Nasdaq Advances Amid Expectations Tech Stocks May Benefit From New Lockdowns
In a reversal of the performance seen on Wednesday, stocks moved higher late in the trading day on Thursday after turning in a lackluster performance for much of the session. The major averages all moved to the upside, with the tech-heavy Nasdaq outperforming its counterparts.
The major averages finished the session near their best levels of the day. The Nasdaq advanced 103.11 points or 0.9 percent to 11,904.71, while the Dow edged up 44.81 points or 0.2 percent to 29,483.23 and the S&P 500 rose 14.08 points or 0.4 percent to 3,581.87.
The notable advance by the Nasdaq seemed to reflect expectations that new lockdowns as a result of the recent spike in coronavirus cases will benefit technology companies, as was seen earlier in the pandemic.
Data from John Hopkins University showed 170,161 new coronavirus cases in the U.S. on Wednesday, the second-highest daily total, while daily deaths reached a new high of 1,848.
The recent surge in coronavirus cases has led several states to impose new restrictions and lockdowns, potentially leading the more Americans once again relying on technology as they work from home.
The markets also seemed to receive a boost from comments from Senate Minority Leader Chuck Schumer, D-N.Y., indicating Senate Majority Leader Mitch McConnell, R-Ken., has agreed to resume negotiations over a new stimulus bull.
“Last night, they’ve agreed to sit down and the staffs are going to sit down today or tomorrow to try to begin to see if we can get a real good Covid relief bill,” Schumer said during a press conference.
He added, “So there’s been a little bit of a breakthrough in that McConnell’s folks are finally sitting down and talking to us.”
The choppy trading seen earlier in the day came as traders digested a mixed batch of U.S. economic data, with separate reports showing an unexpected increase in initial jobless claims and an unexpected spike in existing home sales.
A report from the Labor Department said jobless claims climbed to 742,000 in the week ended November 14th, an increase of 31,000 from the previous week’s revised level of 711,000.
The rebound came as a surprise to economists, who had expected jobless claims to edge down to 707,000 from the 709,000 originally reported for the previous week.
In the previous week, jobless claims fell to their lowest level since hitting 282,000 in the week ended March 14th.
“The risk may be for a further rise in claims as coronavirus cases surge and some states impose restrictions on activity,” said Nancy Vanden Houten, Lead U.S. Economist at Oxford Economics.
Meanwhile, a separate report from the National Association of Realtors said existing home sales jumped by 4.3 percent to an annual rate of 6.85 million in October after soaring by 9.9 percent to a revised rate of 6.57 million in September.
The sharp increase came as a surprise to economists, who had expected existing home sales to slump by 1.4 percent to a rate of 6.45 million from the 6.54 million originally reported for the previous month.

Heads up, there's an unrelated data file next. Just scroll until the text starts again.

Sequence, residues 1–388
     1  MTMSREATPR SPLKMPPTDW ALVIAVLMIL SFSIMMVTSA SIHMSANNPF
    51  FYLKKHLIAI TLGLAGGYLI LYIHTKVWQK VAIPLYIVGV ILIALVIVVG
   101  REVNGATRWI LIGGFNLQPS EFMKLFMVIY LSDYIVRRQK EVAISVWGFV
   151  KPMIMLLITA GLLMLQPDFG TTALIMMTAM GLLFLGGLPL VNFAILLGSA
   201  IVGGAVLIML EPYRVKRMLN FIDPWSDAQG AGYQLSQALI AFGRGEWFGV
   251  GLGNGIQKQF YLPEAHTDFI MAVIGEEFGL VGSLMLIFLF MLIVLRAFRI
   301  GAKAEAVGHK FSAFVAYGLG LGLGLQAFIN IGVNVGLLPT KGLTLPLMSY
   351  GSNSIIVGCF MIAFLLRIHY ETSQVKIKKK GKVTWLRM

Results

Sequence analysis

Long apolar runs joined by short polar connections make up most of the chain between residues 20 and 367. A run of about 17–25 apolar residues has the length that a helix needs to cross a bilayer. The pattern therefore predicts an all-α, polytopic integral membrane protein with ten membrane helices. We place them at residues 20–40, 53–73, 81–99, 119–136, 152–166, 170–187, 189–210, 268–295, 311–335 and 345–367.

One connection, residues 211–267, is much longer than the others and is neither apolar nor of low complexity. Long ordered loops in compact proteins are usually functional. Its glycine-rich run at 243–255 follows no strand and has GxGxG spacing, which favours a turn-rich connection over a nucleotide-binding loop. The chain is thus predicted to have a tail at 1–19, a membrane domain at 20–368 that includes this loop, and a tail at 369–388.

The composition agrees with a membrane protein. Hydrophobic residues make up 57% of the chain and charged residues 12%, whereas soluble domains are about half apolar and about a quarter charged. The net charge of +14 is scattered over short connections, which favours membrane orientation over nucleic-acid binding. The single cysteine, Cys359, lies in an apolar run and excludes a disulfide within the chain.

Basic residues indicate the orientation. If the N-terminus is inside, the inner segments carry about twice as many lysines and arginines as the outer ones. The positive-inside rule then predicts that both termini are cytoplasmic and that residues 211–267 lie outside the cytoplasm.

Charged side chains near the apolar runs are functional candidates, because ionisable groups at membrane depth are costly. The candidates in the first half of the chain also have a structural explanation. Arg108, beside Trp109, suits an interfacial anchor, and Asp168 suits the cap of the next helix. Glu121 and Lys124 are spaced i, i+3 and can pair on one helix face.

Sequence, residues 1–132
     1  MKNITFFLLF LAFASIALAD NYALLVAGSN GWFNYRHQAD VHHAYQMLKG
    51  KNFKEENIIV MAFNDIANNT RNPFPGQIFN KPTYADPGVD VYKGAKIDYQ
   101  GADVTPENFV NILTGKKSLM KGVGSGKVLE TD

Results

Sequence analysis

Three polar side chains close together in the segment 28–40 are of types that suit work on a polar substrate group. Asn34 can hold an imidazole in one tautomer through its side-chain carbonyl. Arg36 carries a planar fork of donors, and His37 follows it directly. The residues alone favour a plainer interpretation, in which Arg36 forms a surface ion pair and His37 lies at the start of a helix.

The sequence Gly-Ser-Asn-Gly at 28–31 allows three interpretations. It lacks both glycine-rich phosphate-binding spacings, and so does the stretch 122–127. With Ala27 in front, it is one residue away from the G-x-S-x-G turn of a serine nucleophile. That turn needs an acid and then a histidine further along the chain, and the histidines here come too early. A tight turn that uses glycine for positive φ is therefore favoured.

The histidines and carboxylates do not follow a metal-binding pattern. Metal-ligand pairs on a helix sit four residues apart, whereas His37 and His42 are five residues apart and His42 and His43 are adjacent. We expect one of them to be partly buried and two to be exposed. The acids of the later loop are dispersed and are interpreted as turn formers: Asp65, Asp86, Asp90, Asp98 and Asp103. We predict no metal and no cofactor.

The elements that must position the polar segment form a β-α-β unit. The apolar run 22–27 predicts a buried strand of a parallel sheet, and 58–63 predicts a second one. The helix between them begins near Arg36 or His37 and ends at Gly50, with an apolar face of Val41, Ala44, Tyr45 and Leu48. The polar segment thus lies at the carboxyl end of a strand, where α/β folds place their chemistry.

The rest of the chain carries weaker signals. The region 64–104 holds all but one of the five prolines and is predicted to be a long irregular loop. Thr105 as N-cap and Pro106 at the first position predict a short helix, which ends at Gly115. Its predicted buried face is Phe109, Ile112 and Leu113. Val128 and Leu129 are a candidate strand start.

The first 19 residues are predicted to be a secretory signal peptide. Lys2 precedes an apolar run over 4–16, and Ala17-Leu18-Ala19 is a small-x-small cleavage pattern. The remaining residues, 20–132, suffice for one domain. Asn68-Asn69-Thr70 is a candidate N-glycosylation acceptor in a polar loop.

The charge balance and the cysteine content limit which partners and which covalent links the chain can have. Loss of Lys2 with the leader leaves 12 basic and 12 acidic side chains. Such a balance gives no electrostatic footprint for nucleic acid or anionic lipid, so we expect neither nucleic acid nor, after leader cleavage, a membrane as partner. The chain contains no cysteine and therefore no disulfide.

With the unexpected spike, existing home sales reached their highest level since February of 2006. Existing home sales were up by 26.6 percent compared to the same month a year ago.
“Considering that we remain in a period of stubbornly high unemployment relative to pre-pandemic levels, the housing sector has performed remarkably well this year,” said Lawrence Yun, NAR’s chief economist.
Oil service stocks moved sharply higher over the course of the session, driving the Philadelphia Oil Service Index up by 3.4 percent. With the jump, the index reached a three-month closing high
The rally by oil service stocks came despite a modest decrease by the price of crude oil, as crude for December delivery edged down $0.08 to $$41.74 a barrel.
Significant strength also emerged among airline stocks, as reflected by the 1.8 percent gain posted by the NYSE Arca Airline Index. The index ended the session at its best closing level in well over eight months.
Natural gas, semiconductor and software stocks also saw considerable strength on the day, while some weakness remained visible among tobacco and utilities.
In overseas trading, stock markets across the Asia-Pacific region turned in yet another mixed performance on Thursday. Japan’s Nikkei 225 Index fell by 0.4 percent, while China’s Shanghai Composite Index rose by 0.5 percent.
Meanwhile, the major European markets all moved to the downside on the day. While the German DAX Index slumped by 0.9 percent, the U.K.’s FTSE 100 Index and the French CAC 40 Index slid by 0.8 percent and 0.7 percent, respectively.
In the bond market, treasuries moved higher following the slight drop seen in the previous session. Subsequently, the yield on the benchmark ten-year note, which moves opposite of its price, fell by 2.8 basis points to 0.854 percent.
Following the slew of U.S. economic data released over the past few days, the economic calendar is relatively quiet on Friday, potentially leading to an increased focus on the latest coronavirus news.
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